Hurricane Expert Issues Forecast for the Upcoming Season

Palm trees blowing during Hurricane Ivan (2004), on the Caribbean island of GrenadaPalm trees blowing during Hurricane Ivan (2004), on the Caribbean island of Grenada

This year’s Atlantic hurricane season is likely to look a lot like last year’s – if the forecasters at Colorado State University are correct.

On Wednesday, they released their annual pre-season forecast.

It calls for 18 tropical storms in the Atlantic, the Caribbean Sea and the Gulf of Mexico this year.

Of those 18 storms, the forecasters predict that nine will grow strong enough to become hurricanes – and four will grow into major hurricanes.

Tropical storms have minimum sustained winds of 39 miles an hour.

Hurricanes have minimum sustained winds of 74 miles an hour.

And major hurricanes have sustained winds of at least 111 miles an hour.

Last year, there were 19 tropical storms in the Atlantic, including ten that became hurricanes.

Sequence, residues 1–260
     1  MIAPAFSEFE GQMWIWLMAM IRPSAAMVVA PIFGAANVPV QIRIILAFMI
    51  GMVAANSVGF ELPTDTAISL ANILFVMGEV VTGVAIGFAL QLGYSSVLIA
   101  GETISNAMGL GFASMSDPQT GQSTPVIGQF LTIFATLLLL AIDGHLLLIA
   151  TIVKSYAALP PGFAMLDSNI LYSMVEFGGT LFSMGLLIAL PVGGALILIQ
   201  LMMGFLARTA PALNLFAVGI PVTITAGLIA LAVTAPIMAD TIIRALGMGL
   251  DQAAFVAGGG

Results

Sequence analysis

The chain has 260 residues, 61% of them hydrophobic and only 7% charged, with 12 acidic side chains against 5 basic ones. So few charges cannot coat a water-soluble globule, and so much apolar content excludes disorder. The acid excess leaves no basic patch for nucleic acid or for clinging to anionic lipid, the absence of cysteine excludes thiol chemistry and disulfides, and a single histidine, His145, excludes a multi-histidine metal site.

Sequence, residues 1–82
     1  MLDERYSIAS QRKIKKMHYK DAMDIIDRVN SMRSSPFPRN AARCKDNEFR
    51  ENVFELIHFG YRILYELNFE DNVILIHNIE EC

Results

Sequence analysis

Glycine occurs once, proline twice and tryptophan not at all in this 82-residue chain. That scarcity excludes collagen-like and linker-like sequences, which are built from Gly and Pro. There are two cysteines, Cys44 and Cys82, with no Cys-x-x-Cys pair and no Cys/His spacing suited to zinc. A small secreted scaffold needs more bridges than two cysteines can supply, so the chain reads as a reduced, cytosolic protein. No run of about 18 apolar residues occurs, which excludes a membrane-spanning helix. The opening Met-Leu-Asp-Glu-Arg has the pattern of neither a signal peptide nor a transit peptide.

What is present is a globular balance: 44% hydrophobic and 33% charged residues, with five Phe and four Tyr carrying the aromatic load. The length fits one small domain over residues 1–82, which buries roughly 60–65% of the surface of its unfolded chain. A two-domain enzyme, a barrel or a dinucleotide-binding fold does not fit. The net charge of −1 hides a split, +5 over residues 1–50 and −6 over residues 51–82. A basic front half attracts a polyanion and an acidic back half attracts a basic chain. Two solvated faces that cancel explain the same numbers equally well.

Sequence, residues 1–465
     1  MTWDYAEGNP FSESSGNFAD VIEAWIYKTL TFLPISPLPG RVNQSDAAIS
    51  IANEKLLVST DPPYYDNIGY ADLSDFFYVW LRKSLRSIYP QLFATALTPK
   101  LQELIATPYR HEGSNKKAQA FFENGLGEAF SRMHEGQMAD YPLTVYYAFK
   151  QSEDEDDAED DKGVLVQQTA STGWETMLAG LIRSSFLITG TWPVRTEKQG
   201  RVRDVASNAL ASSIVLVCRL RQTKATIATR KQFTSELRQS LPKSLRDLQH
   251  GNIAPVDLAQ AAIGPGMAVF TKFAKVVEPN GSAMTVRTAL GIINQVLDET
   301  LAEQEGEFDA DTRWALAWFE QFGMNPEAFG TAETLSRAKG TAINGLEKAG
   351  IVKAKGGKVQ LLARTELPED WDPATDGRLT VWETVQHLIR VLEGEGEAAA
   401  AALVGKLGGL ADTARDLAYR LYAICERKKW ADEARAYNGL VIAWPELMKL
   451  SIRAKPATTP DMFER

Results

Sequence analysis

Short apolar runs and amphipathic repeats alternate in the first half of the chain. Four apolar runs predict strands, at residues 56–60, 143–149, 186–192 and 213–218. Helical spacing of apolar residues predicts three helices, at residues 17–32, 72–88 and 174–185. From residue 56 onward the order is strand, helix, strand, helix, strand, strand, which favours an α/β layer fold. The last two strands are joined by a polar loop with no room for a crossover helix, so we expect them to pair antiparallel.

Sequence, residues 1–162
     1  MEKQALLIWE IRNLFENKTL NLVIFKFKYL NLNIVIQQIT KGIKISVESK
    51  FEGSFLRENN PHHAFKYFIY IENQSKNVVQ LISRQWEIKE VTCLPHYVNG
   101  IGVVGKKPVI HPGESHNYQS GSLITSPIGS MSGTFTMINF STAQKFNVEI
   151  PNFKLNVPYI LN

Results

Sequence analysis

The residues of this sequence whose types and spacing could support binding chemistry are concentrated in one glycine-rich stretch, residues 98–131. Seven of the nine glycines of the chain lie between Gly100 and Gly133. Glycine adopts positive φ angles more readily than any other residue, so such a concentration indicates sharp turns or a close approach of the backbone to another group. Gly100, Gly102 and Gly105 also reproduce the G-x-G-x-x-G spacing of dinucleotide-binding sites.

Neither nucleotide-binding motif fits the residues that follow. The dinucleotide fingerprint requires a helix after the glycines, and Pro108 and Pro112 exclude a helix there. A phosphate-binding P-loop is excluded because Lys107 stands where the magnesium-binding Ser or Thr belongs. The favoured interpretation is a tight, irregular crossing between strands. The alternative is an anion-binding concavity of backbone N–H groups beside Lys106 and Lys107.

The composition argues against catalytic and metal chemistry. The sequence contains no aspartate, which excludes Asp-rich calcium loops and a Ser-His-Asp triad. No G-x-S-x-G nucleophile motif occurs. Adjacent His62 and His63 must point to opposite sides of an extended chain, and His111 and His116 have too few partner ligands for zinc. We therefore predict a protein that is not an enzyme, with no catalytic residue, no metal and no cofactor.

One of those hurricanes – Sandy – did major damage in parts of New York and New Jersey and killed dozens of people, from the Caribbean to Canada.

And Sandy wasn’t even considered a major hurricane.

This year, the forecasters say there’s a 72% chance of a major hurricane hitting the East Coast or the Gulf Coast.

But that could be anywhere from Maine to the southern tip of Texas.

And it’s too early to say when – or if – that’ll actually happen.

Since 1950, there’s been an average of 12 tropical storms during the Atlantic hurricane season, according to a report by USA TODAY – including seven hurricanes.

Why are the forecasters expecting more storms than that this year?

They say the Atlantic Ocean has warmed up during the past few months.

And warmer water gives tropical storms and hurricanes more energy to grow on, as they cross the Atlantic, the Caribbean or the Gulf.

The Atlantic hurricane season officially begins on June 1st.

But during some years, storms form before the official start.

So people are already starting to keep their eyes on the tropics.